The theme of this year’s Pride parade is marriage.
2017 will see the introduction of same-sex marriage in both Guernsey and Jersey. This long-awaited piece of legislation demonstrates in the most tangible way possible that the governments of the Channel Islands believe same-sex partnerships to be the equal of opposite-sex partnerships. We celebrate those who argued for this equality over the years and we commemorate those who would have dearly loved to be married but did not live to see this day.
Marriage means different things to different people. The debate surrounding the introduction of same-sex marriage demonstrates that very ably. Within and outside of the LGBTQ community there are those who think that marriage should be between a man and a woman only; that marriage is a patriarchal construct that has had its day; or, that if marriage is to be opened up to same-sex couples, civil partnerships should be available to opposite-sex couples, too.
The debate has been passionate on both sides, but we must now come back together again. Just as the Brexiteers and the Remainers have to work together to figure out what a Britain looks like outside of the European Union, so we must not allow differences of opinion, over marriage or any other subject, to blind us to the good in those with whom with differ or who are different from us. We may not always agree with our partners, with our families, with our colleagues at work, with our teammates on the sporting field, with our friends supporting charitable endeavours, but we must always listen respectfully and find ways to accommodate other viewpoints. Difference is challenging but, if embraced, it also makes us stronger.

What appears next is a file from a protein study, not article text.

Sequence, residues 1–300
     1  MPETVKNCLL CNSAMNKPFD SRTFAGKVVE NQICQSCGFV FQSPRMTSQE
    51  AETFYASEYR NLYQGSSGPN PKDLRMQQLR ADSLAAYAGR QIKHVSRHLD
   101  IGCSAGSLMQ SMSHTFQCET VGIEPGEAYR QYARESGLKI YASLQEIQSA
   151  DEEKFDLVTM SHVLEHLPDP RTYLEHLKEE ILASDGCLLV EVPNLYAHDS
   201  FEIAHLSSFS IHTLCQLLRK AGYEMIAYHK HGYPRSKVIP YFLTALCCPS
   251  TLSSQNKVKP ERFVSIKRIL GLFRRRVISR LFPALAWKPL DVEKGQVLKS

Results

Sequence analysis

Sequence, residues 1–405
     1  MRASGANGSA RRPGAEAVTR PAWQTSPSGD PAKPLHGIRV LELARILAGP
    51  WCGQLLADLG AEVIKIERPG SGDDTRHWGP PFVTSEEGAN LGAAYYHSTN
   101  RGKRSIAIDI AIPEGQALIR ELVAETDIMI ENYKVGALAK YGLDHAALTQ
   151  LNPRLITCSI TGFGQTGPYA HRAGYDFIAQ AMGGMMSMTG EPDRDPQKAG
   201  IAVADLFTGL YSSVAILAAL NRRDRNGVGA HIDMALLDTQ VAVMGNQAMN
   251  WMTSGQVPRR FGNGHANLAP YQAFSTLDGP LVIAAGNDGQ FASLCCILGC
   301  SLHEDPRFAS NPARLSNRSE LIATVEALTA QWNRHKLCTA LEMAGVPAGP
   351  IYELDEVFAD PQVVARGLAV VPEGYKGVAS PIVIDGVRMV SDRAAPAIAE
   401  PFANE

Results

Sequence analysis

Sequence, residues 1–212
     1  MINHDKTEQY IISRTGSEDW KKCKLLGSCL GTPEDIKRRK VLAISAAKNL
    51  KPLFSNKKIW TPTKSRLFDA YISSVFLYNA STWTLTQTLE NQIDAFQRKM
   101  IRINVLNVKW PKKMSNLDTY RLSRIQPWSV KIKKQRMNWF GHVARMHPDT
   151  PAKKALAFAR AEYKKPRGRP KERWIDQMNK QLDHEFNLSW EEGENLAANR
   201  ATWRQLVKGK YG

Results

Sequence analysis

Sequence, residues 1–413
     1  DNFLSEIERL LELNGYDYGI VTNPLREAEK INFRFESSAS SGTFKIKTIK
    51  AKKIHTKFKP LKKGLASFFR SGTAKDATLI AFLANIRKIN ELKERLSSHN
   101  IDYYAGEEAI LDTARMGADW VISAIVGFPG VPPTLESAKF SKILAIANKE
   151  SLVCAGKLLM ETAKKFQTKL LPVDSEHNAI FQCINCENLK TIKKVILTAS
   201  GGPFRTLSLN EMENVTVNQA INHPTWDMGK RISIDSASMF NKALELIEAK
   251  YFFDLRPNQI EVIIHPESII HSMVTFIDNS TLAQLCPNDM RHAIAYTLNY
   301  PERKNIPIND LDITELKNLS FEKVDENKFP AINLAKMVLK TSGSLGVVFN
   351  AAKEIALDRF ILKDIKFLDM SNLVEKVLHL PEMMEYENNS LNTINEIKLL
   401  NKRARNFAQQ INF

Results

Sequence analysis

Why do we cry at weddings? Is it simply because the brides(!) look beautiful, or is it because a marriage represents a potential force for good in the world through the support those two people give each other, through the children it might produce, or through the strength that comes from being in a partnership that can be then shared with others? There is a reason why the traditional Church of England marriage service says of marriage: “It enriches society and strengthens community.”
However you personally feel about the institution known as marriage, we hope you agree that a loving, committed relationship between two people is always something to be celebrated. If you do then, this year for Pride, please use the hashtag: #IDo